High volumes of wastewater from frequent regen cycles or worse from a water softener that is not working properly, perhaps stuck in "regen" mode, can also flood a drainfield and destroy it.
Water in large quantities from roof gutters or surface runoff should always be directed well away from
the septic tank and drainfield areas and should never be discharged into the septic system.
A septic system for handling
onsite wastewater is designed to handle normal household wastewater flows from showers, sinks, tubs, laundry, etc., not
roof runoff or surface drainage. Do not let roof gutters or surface runoff drain into an area where that water can enter the septic tank or drainfield.
Water from a high or rising groundwater level that reaches within a foot or so of the bottom of a drainfield trench is likely to prevent the drainfield from discharging treated effluent properly into the environment.
Such septic field designs are prohibited in some jurisdictions and are regulated by code such as the Massachusetts Title 5 Septic law.
Wet wipes & disposable wipes: should not be flushed into toilets. Apparently most of these products do not break down and can cause costly clogs of plumbing systems, sewer systems, and septic systems.
Watch out: Do not flush "disposable" wet wipes, baby wipes, clothes dryer sheets, sanitary napkins, nor any cloth or fabric waste into toilets anywhere, regardless of whether the toilet is connected to public sewer or private septic system.
Continue reading at BETTER NOT TO FLUSH or select a topic from closely-related articles below, or see our complete INDEX to RELATED ARTICLES below.
Thanks to reader Megan O'Connell for discussion of biodegradable cat litter disposal in septic tanks 04/2009.
"It Blocks Cat Odors And Maybe Radiation - material used in litter is tested in sopping up nuclear contaminants", Andrew Revkin, New York times, 24 February 2000, p. B1. This article describes testing of cat litter used in a trench filled with zeolite (cat litter) to form a wall to intercept radioactive contaminated ground water seeping towards a stream that empties into Lake Erie. The article explains that zeolite is a family of 48 minerals that absorb odors and moisture, found in various brands of "animal litter". The most abundant mineral in the zeolite family is clinoptiloite that has a strong affinity for strontium 90.
Septic Tank/Soil-Absorption Systems: How to Operate & Maintain [ copy on file as /septic/Septic_Operation_USDA.pdf ] - , Equipment Tips, U.S. Department of Agriculture, 8271 1302, 7100 Engineering, 2300 Recreation, September 1982, web search 08/28/2010, original source: http://www.fs.fed.us/t-d/pubs/pdfimage/82711302.pdf.
Pennsylvania State Fact Sheets relating to domestic wastewater treatment systems include
Pennsylvania State Wastewater Treatment Fact Sheet SW-161, Septic System Failure: Diagnosis and Treatment
Pennsylvania State Wastewater Treatment Fact Sheet SW-162, The Soil Media and the Percolation Test
Pennsylvania State Wastewater Treatment Fact Sheet SW-l64, Mound Systems for Wastewater Treatment
Pennsylvania State Wastewater Treatment Fact Sheet SW-165, Septic Tank-Soil Absorption Systems
Document Sources used for this web page include but are not limited to: Agricultural Fact Sheet #SW-161 "Septic Tank Pumping," by Paul D. Robillard and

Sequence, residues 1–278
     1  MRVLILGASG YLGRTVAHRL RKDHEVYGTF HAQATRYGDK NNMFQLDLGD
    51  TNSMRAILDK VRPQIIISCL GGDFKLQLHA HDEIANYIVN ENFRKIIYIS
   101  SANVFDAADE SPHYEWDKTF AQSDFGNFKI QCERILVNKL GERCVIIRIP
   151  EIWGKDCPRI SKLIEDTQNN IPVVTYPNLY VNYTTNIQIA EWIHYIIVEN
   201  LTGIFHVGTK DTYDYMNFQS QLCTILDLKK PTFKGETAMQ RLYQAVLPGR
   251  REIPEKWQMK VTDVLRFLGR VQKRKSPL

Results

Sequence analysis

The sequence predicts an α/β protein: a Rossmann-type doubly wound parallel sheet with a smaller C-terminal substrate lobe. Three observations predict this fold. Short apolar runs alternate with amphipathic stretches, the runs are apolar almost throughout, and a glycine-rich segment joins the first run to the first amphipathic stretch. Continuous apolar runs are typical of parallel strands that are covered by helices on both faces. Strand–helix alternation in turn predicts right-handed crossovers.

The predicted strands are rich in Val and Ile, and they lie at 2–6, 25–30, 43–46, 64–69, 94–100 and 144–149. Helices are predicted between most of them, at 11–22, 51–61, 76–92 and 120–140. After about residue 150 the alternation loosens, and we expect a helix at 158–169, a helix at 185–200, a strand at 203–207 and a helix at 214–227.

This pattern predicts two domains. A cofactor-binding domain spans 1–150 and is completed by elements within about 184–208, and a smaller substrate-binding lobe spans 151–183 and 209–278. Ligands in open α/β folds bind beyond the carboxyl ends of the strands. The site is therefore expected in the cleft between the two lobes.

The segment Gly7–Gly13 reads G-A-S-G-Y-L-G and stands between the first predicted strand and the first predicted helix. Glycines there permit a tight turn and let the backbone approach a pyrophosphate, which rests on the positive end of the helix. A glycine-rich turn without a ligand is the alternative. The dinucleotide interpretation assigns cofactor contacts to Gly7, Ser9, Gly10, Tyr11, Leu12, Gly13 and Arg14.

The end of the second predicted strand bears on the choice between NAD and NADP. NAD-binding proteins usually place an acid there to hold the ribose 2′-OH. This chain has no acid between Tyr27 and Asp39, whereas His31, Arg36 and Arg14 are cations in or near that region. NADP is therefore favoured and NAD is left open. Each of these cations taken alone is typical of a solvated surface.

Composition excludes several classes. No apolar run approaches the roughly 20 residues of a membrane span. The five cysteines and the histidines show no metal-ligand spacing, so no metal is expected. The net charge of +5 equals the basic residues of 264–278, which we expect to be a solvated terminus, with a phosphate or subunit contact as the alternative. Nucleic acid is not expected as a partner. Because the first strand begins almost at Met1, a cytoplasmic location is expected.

Kelli S. Martin. Penn State College of Agriculture - Cooperative Extension, edited and annotated by
Dan Friedman (Thanks: to Bob Mackey for proofreading the original source material.)
Books & Articles on Building & Environmental Inspection, Testing, Diagnosis, & Repair
Advanced Onsite Wastewater Systems Technologies, Anish R. Jantrania, Mark A. Gross. Anish Jantrania, Ph.D., P.E., M.B.A., is a Consulting Engineer, in Mechanicsville VA, 804-550-0389 (2006). Outstanding technical reference especially on alternative septic system design alternatives. Written for designers and engineers, this book is not at all easy going for homeowners but is a text I recommend for professionals--DF.
Builder's Guide to Wells and Septic Systems, Woodson, R. Dodge: $ 24.95; MCGRAW HILL B; TP;
Quoting from Amazon's description: For the homebuilder, one mistake in estimating or installing wells and septic systems can cost thousands of dollars. This comprehensive guide filled with case studies can prevent that. Master plumber R. Dodge Woodson packs this reader-friendly guide with guidance and information, including details on new techniques and materials that can economize and expedite jobs and advice on how to avoid mistakes in both estimating and construction. Chapters cover virtually every aspect of wells and septic systems, including on-site evaluations; site limitations; bidding; soil studies, septic designs, and code-related issues; drilled and dug wells, gravel and pipe, chamber-type, and gravity septic systems; pump stations; common problems with well installation; and remedies for poor septic situations. Woodson also discusses ways to increase profits by avoiding cost overruns.
Country Plumbing: Living with a Septic System, Hartigan, Gerry: $ 9.95; ALAN C HOOD & TP;
Quoting an Amazon reviewer's comment, with which we agree--DF:This book is informative as far as it goes and might be most useful for someone with an older system. But it was written in the early 1980s. A lot has changed since then. In particular, the book doesn't cover any of the newer systems that are used more and more nowadays in some parts of the country -- sand mounds, aeration systems, lagoons, etc.
Design Manuals for Septic Systems